MSNBC's Steve Benen reports on the deadline missed by Rep. Cory Gardner last Friday, as noted by our friend Jason Salzman, to remove himself as a co-sponsor of the federal Life at Conception Act before the November elections:
No issue has dogged Rep. Cory Gardner’s (R) Senate campaign in Colorado more than a policy known as “personhood,” which would ban abortions and many common forms of birth control. In a bit of a surprise, the far-right congressman has decided to ride this train straight through to Election Day.
Gardner has long been a culture warrior, championing personhood at the state and federal level, even after Colorado voters rejected it (twice). After launching a statewide campaign, the Republican tried to flip-flop on the issue, but Gardner struggled to even do this properly – the congressman announced he no longer supports the state personhood policy, but he would remain a co-sponsor of the federal personhood legislation.
With Election Day nearing and Gardner locked in a very close race with Sen. Mark Udall (D), would the conservative Coloradan complete the reversal and walk away from the right-wing legislation? Apparently not. Jason Salzman reported Friday that “the die is cast.”
…There’s simply no ambiguity here. Over a year ago, Gardner signed on to the Life at Conception Act (H.R.1091) as a co-sponsor. The Colorado Republican ostensibly changed his mind about the issue a few months ago, but nevertheless kept his name on the federal personhood bill, despite having ample opportunity to withdraw his support.
And now it’s too late to do anything about it.
Now that the House has adjourned until November 12th, there's no opportunity for Gardner to take the formal steps necessary in order to remove himself as a co-sponsor of this legislation. In response to questions about the obvious conflict between Gardner's abandonment of the state Personhood ballot measures and his continued sponsorship of the functionally equivalent federal Life at Conception Act, Gardner has clung to a fictional distinction between the two proposals. Both Personhood and the Life at Conception Act contain the same language conferring rights from "the moment of fertilization" that could result in a ban on certain forms of "abortifacient" birth control.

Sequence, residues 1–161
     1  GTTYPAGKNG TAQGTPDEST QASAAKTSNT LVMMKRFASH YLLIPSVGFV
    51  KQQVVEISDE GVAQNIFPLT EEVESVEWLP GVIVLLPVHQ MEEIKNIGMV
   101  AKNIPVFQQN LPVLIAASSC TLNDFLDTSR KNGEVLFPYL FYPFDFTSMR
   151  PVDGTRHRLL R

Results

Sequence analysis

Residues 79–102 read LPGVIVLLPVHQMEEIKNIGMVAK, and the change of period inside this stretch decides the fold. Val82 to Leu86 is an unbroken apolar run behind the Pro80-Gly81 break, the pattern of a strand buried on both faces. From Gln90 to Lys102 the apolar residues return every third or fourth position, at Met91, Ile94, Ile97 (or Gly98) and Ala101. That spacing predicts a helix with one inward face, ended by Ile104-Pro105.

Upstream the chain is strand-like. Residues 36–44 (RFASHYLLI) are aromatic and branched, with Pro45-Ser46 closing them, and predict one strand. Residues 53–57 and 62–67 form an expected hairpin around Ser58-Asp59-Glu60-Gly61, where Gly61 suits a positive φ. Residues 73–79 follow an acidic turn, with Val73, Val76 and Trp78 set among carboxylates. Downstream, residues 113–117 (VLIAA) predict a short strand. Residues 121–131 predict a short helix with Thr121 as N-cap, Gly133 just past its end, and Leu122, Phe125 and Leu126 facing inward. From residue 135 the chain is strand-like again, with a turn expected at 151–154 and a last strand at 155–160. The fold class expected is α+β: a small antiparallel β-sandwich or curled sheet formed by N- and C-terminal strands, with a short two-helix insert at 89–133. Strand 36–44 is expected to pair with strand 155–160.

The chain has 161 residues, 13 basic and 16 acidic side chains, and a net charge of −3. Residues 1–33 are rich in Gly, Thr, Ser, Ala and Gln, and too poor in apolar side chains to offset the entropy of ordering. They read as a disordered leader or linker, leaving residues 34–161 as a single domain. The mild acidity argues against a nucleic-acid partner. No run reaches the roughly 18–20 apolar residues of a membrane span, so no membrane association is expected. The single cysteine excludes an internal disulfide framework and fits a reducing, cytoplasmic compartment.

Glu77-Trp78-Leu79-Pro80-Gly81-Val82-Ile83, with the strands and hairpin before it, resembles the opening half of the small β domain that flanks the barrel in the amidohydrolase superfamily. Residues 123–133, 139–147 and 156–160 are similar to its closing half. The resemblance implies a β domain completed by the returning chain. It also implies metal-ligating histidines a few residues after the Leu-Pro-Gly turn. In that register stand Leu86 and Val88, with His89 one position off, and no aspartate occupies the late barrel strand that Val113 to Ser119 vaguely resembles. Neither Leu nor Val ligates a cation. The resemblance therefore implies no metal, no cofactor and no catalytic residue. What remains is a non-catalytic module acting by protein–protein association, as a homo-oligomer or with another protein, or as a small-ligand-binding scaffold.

The fact-checkers have thoroughly debunked Gardner on this point, but Gardner still hasn't changed his answer to the question. The simple remains that the same language that exists in the Personhood abortion bans Gardner has abandoned is in the bill Gardner is still sponsoring. Gardner's abandonment of Personhood is therefore meaningless at best, and a desperate, incomplete attempt to escape his record ahead of a statewide run in the more likely case.
And now he's stuck. The only thing Gardner can hope for now is that the voters won't figure it out until it's too late–that, as GOP consultant Katy Atkinson said, he can "muddy it up" enough to confuse the issue until the election. That was the whole purpose of Gardner's over-the-counter birth control redirection, which has also been dismantled by fact-checkers. But the polls show clearly that this issue has already severely harmed Gardner with women voters, and there's more for them to learn about the story now. Gardner's refusal to acknowledge this ongoing liability opens him to a whole new line of attack.
If anyone can outline a scenario where this ends well on Election Day, we're all ears.